Remember the name of the genre—horror—because images very unsettling keep meeting the eye in Scott Derrickson’s Sinister (2012). It’ll remind you of real life—existential terrors. The movie begins, after all, with a grainy old film shot of four members of a family being hanged.
Ethan Hawke plays Ellison Oswalt, a writer who, though he loves his family, loves even more the thought of writing another true-crime bestseller. He seeks to discover what happened to the fifth, and missing, member of the murdered family, but unwittingly he must begin to mingle with supernatural dark forces.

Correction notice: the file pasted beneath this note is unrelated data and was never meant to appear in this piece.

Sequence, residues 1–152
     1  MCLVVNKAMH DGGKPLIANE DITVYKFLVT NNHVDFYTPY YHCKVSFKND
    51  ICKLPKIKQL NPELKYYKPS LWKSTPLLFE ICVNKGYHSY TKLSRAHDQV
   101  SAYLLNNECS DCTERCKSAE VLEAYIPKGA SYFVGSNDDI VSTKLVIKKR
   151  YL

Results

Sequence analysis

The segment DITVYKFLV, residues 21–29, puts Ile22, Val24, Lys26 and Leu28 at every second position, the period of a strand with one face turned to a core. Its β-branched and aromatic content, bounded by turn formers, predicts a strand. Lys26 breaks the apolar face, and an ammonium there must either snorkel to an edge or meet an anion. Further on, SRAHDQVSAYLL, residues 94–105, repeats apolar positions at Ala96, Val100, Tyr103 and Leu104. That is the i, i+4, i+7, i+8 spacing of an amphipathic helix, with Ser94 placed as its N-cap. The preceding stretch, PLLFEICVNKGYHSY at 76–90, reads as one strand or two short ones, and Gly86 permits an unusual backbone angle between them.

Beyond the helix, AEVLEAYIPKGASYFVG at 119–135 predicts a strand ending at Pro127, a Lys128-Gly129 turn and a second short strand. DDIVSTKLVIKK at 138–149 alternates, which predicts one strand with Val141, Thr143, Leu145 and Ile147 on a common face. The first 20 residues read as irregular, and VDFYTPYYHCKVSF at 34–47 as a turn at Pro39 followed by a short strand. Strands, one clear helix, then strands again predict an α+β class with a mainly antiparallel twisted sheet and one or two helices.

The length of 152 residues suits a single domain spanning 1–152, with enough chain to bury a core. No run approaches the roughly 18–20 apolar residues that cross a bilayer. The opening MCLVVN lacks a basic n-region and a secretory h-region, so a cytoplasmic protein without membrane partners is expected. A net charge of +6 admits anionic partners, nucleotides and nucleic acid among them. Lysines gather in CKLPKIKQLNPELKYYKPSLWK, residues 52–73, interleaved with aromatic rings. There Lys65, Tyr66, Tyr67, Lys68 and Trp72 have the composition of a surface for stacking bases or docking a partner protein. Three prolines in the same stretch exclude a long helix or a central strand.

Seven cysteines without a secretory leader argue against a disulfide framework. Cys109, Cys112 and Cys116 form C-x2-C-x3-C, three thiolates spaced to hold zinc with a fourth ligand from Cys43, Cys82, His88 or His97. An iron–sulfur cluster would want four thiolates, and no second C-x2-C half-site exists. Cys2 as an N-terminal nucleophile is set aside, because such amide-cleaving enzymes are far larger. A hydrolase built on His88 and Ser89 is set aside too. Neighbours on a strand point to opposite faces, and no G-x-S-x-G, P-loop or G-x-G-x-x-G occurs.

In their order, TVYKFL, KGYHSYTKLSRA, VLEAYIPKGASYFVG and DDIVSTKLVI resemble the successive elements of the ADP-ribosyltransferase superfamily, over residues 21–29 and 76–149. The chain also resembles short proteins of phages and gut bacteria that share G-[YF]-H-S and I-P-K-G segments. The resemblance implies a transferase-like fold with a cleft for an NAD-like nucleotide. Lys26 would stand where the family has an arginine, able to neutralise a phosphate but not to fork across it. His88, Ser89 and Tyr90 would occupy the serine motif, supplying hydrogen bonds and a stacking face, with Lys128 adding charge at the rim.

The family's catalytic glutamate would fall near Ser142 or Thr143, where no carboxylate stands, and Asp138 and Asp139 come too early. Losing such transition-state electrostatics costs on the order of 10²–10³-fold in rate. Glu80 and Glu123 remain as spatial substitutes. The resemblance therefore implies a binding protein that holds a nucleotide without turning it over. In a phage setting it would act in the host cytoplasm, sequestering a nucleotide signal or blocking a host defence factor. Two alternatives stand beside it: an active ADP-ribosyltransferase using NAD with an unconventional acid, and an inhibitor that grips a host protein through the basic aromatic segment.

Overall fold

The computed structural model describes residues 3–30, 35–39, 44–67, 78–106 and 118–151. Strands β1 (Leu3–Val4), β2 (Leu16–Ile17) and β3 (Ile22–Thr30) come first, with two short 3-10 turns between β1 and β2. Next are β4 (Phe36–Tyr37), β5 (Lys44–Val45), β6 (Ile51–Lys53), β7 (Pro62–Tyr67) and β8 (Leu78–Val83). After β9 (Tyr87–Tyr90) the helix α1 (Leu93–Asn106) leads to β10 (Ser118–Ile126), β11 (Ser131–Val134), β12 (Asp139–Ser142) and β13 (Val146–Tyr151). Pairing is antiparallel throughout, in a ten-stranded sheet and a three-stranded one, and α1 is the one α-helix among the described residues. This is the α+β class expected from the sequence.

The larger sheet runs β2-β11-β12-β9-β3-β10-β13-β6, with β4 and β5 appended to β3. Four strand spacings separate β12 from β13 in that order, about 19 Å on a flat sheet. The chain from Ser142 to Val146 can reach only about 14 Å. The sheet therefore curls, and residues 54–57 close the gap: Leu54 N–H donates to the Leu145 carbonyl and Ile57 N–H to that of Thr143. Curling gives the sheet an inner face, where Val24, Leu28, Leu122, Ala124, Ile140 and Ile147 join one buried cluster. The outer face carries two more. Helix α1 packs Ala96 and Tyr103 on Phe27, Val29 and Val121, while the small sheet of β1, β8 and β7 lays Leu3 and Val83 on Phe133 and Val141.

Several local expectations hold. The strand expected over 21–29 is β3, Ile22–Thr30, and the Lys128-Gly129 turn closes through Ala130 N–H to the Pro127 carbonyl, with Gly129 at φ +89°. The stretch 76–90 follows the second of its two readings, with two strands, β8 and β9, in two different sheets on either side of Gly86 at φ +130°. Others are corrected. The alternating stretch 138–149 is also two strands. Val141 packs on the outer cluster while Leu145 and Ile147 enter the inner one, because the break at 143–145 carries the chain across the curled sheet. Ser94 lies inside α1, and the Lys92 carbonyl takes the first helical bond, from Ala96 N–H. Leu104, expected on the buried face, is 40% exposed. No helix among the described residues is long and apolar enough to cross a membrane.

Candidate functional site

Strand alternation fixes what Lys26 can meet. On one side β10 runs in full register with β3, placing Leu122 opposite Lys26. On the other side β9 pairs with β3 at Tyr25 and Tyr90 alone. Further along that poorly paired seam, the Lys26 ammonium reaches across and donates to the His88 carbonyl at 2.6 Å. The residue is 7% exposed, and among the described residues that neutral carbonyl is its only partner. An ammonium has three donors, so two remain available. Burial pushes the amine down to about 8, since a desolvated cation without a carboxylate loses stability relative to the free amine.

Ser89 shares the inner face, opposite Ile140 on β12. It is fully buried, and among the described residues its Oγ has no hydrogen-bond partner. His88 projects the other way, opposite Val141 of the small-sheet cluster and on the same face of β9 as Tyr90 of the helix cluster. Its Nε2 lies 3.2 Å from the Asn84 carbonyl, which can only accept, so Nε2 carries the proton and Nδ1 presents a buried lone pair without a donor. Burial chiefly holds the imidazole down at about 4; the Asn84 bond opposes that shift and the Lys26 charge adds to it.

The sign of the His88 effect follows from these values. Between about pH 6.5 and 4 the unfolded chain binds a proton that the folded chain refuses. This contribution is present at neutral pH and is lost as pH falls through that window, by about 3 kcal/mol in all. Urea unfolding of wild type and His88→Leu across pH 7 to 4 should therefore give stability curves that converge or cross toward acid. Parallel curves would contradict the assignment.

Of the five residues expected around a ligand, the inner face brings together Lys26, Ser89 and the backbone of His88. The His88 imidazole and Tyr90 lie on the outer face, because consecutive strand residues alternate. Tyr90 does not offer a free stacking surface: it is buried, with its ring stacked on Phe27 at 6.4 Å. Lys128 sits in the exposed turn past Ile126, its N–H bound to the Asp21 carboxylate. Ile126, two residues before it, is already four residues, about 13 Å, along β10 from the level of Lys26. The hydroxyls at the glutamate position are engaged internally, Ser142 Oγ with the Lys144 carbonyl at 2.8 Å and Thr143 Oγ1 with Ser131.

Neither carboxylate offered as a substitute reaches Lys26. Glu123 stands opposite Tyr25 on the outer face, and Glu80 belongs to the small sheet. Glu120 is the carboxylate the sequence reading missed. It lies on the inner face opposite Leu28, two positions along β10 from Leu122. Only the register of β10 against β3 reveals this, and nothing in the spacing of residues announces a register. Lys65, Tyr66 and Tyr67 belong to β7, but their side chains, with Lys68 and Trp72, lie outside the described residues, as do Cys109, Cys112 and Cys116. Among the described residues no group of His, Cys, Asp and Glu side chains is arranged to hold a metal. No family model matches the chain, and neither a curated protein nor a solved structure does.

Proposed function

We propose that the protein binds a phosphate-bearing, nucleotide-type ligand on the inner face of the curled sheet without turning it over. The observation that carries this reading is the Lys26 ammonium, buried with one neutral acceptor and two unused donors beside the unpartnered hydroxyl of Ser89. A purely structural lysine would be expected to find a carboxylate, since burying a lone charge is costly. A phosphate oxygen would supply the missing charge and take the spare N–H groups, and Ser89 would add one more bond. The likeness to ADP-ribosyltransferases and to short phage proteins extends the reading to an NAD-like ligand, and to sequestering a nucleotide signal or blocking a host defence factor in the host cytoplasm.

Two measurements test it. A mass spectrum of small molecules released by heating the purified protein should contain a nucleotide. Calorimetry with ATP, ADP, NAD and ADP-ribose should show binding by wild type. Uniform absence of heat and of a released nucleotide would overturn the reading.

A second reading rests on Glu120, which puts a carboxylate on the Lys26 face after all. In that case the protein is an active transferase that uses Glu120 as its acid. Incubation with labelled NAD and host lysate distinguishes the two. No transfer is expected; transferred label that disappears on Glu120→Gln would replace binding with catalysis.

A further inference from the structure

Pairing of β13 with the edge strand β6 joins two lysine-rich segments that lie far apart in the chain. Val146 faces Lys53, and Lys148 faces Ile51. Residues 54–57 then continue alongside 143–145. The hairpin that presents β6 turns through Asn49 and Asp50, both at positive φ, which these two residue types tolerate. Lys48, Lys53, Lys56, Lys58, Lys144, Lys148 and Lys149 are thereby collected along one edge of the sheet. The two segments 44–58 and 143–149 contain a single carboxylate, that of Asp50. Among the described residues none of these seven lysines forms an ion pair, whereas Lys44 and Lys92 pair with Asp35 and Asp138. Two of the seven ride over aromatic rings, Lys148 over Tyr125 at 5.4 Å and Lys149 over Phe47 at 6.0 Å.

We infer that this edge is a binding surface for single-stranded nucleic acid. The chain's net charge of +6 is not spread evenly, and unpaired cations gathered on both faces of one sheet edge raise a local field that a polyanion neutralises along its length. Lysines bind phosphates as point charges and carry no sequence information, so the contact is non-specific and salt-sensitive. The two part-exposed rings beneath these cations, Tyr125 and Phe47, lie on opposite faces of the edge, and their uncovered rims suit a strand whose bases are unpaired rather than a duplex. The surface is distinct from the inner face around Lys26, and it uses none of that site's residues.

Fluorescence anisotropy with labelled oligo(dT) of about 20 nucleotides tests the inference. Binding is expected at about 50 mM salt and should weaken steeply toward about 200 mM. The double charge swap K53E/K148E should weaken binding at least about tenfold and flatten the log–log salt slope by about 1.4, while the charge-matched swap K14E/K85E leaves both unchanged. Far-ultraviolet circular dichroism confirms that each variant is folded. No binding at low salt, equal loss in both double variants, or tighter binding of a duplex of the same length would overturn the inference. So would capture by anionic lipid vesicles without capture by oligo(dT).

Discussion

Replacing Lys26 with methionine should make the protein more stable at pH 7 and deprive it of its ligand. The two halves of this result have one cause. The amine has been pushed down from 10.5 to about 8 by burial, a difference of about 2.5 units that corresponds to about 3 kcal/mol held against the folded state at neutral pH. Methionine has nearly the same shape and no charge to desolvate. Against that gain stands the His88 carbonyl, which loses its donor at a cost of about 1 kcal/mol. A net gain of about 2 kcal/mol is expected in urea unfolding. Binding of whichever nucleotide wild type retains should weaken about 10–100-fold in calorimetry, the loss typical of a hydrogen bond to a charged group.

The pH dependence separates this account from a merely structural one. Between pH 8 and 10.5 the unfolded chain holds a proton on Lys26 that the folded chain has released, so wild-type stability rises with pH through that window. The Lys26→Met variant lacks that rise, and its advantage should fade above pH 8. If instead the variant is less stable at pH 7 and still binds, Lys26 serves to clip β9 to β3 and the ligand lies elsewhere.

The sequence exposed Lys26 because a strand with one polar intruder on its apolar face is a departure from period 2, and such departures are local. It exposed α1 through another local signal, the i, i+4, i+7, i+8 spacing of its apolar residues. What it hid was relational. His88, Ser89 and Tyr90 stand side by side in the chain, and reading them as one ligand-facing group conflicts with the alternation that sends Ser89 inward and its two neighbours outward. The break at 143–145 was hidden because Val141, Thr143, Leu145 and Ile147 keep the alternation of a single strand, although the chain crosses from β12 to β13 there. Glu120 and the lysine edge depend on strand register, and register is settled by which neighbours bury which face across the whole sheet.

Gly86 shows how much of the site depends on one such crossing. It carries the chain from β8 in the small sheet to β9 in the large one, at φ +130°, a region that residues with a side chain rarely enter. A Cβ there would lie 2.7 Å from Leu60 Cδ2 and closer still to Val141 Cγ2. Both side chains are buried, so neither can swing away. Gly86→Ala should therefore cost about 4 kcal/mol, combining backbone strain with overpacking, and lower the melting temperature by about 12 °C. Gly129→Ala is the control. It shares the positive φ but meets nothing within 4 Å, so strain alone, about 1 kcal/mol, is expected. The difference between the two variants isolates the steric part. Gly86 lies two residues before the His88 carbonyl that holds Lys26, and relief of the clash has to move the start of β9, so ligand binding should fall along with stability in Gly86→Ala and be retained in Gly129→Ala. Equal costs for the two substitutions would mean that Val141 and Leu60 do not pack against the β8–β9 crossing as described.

Yes, there are spooky children here, which has long been old hat, but committed work has been done in Sinister, with agreeable plotting and visual expertise. A few years ago Derrickson directed The Exorcism of Emily Rose, a film I didn’t like, but there I could at least see traces of talent. Even more talent is evident in the current movie. An occasional lack of freshness does not diminish the gripping nature of the technical effects—or the energy and depth of Hawke’s performance.